Sunday, May 2, 2010

Trying to stay on top of things

Picture of me after my initial pattern solo.
Initial solo takeoff on Vance Runway 17R

Taxiing out by myself for the first time!

Trying to stay focused after the dual portion of my initial solo

Strapping into the jet for the dual portion of my initial solo.

Sorry it's been a couple weeks since my last update! The past couple weeks have been pretty busy but also very productive.

Two weeks ago, I recovered from my weird stomach virus and started flying again, preparing for my first checkride in the T-6. The "Midphase Check" is designed to test our abilities to safely fly the aircraft in the pattern and prform certain maneuvers in the practice areas. It has a deceiving name because it's not really in the middle of the T-6's only the first of four checkrides we have to go through. Most of the flights leading up to the check kept me fairly confident in my abilities to pass the checkride, although my poor performance during my initial solo flight was still lingering in the back of my mind. For whatever reason, my initial solo had me rattled; it was just one of those days where my hands weren't talking to my brain, and vice versa. Again, it was a plenty safe flight, but not quite as nice as what I'm used to. That's what makes pilot training...pilot training. There are so many variables that can affect your little gust of wind can turn a great landing into a near catastrophe if you let it. However, like I said, most of my flights a couple weeks ago were rather assuring.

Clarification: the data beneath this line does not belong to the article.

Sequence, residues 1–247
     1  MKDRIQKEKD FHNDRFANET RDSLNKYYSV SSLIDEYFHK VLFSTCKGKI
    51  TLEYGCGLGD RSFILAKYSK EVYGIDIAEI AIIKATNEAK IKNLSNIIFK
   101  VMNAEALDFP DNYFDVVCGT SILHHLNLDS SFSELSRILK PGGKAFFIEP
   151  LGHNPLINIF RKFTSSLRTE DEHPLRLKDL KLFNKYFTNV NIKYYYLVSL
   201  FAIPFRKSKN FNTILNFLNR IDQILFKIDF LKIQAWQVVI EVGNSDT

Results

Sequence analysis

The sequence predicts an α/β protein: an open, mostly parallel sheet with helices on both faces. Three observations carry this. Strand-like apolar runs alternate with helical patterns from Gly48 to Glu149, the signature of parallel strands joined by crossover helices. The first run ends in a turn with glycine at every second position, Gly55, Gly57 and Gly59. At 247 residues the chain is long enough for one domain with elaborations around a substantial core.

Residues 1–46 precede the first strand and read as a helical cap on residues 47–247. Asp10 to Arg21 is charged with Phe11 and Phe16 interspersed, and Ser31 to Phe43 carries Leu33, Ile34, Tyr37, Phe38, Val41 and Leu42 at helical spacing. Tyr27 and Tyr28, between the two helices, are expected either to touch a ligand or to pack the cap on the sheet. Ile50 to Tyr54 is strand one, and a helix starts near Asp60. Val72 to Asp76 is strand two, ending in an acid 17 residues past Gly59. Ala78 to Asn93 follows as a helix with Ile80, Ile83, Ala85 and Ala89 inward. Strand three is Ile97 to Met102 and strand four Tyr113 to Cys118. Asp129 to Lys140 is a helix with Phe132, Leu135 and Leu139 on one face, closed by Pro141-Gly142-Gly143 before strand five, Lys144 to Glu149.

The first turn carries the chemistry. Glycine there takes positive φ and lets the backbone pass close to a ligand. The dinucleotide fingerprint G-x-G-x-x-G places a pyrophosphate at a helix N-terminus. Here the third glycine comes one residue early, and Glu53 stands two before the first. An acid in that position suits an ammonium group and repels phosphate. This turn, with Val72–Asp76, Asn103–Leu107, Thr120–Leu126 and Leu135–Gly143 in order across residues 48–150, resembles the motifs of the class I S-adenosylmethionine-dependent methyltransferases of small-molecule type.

During the week, I watched other members of my flight go through the checkride - we had several who failed due to problems with their pubs. Pubs are written documents that govern how we fly...kind of the "rules of the road." Often there are updates that need to be written into the documents. If they are not updated, there's no written proof that shows you are abiding with the new publicaitons. It's a technicality that cannot be overlooked when preparing for a checkride.

To prevent this from happening to me, I sat down with some friends that had the updated pubs, and went page by page through all my documents and ensured they were up to speed. It's a tedious process, but necessary to make sure I didn't fail for something so simple as a pubs problem.